In Devachan do we see again those who were dear to us?

For those not fluent in Steiner, Devachan refers to the time between earth lives spent in what he calls the super-sensible, or non-physical, world. My current research is confirming quite a bit, though not all, of his findings. And even taking a few of them further into the 21st century. Stay tuned.

The great Rudolf Steiner Quotes Site

In Devachan do we see again those who were dear to us? Yes, we see them again, freed moreover from all the obstacles of space and time that here on earth lie like veils over these relationships of the soul. In Devachan, souls confront each other directly. The relationship of soul to soul is far more intimate and inward than it is in the physical world. There can never be any doubt in Devachan about one soul recognizing the other again, even when one of them passes into Devachan before the other. Recognition of loved ones is not particularly difficult there, for each soul bears his inner, spiritual reality inscribed as it were upon his spiritual countenence. He himself proclaims his name, indeed, in a much truer form than is possible here, as the basic tone, which, as it is said in occultism, he represents in the spiritual world. An…

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A stroke of destiny

Not all destiny is calamitous, nor is destiny an excuse to eschew compassion…but this understanding might help each of us to accept our destiny with more grace.

The great Rudolf Steiner Quotes Site

A stroke of destiny that befalls a person during life in the physical world may seem, from the point of view of that (physical) life, to contain something altogether opposed to the man’s own will. In the life between death and rebirth a force, resembling will, rules in the soul that gives to the person the tendency toward experiencing this very blow of fate. The soul sees, as it were, that an imperfection has clung to it from earlier earth-lives — an imperfection that had its origin in an ugly deed or an ugly thought. Between death and re-birth, there arises in the soul a will-like impulse to make good this imperfection. The soul, therefore, becomes imbued with the tendency to plunge into a misfortune in the coming earth-life, in order, through enduring it, to bring about equilibrium. After its birth in the physical body, the soul, when met by…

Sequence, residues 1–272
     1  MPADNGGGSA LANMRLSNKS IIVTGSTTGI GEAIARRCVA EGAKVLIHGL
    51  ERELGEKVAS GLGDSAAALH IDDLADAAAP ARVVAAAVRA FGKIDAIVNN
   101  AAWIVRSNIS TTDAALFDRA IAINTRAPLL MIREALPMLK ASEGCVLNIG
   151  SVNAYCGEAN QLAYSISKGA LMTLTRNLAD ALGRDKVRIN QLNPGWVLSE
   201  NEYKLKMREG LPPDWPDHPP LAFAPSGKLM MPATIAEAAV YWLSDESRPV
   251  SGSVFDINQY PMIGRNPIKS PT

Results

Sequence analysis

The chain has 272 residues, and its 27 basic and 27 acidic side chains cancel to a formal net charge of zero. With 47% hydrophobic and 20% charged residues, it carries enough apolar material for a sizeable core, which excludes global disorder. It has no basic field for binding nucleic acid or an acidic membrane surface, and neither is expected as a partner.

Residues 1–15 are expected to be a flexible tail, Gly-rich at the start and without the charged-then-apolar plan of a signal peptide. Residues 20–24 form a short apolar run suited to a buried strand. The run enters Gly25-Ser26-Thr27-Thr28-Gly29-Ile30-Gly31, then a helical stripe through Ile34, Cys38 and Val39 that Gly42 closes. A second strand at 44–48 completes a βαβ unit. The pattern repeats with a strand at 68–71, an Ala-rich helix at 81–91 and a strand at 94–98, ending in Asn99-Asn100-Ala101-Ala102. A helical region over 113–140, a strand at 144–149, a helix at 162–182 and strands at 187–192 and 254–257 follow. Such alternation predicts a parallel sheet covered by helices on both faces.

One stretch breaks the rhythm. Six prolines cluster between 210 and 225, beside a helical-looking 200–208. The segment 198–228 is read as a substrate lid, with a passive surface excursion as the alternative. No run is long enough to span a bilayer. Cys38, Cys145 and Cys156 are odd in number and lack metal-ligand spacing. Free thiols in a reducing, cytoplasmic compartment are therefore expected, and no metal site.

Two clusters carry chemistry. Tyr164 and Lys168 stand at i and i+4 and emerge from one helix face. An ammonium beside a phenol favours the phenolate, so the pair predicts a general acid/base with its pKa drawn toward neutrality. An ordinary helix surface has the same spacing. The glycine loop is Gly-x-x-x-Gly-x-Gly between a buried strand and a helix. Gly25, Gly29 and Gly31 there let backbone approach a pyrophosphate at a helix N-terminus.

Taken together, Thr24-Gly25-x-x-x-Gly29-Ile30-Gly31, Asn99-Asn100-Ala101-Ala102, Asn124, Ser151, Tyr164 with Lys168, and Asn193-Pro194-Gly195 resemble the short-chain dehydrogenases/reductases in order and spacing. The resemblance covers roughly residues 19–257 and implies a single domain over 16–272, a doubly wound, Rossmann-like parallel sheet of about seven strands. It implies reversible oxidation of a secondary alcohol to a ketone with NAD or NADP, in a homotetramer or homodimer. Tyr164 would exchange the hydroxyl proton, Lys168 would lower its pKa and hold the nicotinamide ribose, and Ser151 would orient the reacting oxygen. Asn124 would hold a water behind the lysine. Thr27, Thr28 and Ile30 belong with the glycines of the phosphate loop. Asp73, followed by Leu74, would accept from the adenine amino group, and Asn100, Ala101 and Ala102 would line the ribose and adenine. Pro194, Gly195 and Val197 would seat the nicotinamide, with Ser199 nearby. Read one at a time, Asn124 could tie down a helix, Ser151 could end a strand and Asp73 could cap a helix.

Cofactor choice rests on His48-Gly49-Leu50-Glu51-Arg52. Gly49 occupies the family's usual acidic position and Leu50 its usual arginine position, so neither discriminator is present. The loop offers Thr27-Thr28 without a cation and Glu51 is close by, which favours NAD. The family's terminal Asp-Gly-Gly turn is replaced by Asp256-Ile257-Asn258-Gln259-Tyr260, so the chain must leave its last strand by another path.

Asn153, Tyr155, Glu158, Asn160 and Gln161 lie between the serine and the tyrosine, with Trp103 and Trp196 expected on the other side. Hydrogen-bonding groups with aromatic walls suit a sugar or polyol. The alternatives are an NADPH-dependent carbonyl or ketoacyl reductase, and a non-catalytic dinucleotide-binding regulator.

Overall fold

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But I Raise My Glass

Tonyblog

Today, April 14, 2018 marks the 19th anniversary of the death of Anthony Newley. As I write this, friends and fans of Tony gather in London to lift a glass celebrating his life. He was a truly unique talent – creator of musicals both for the West End and Broadway, songwriter, singer, actor, director and mime. He inspired so many young performers and writers. He inspires me.

Even with all my work and study with the dying and now the dead, I feel certain that consciousness survives death, I miss him. He died too young, robbing his family of a loving father, his friends of “someone who made you feel like the most important person in the world,” and his fans of so many more magical stories and songs he would have created. We all die with unrealized potential. He died with universes left to unfold.

The soul that was Tony Newley continues but we are no longer be able to “Look at that Face.”[1] See his hands sing. Hear that unique voice and wicked laugh. Feel the embrace his friends describe as “engulfing, the biggest bear hug in the world.” Those are gone forever.

But not Tony. Not the spirit who endured an early life of despair and privation, not only endured but then soared to the very heights of the entertainment world. And back down again. That complex and charismatic spirit discovered nineteen years ago that what we call death needs redefining. It is not annihilation as those trapped in materialism argue. It is transcendence to a different frequency, a different dimension no less real than this one, for the “real world is really unreal.”[2]

It is okay that we miss the dead but we should never dismiss them. Nor should we bind them with intense sorrow. For someone we love, it is the least we can do. So today, I raise my glass from this side of the pond, joining those who celebrate his life. And then…I continue to build the bridge where we shall meet and share and create…together. Tony built a mountain. [3] I’ll build a bridge.

[1] Song from “The Roar of the Greasepaint, The Smell of the Crowd”

[2] From the song “This Dream” from “The Roar of the Greasepaint, The Smell of the Crowd”

[3] “Gonna Build a Mountain” from the musical “Stop the World, I Want to Get Off”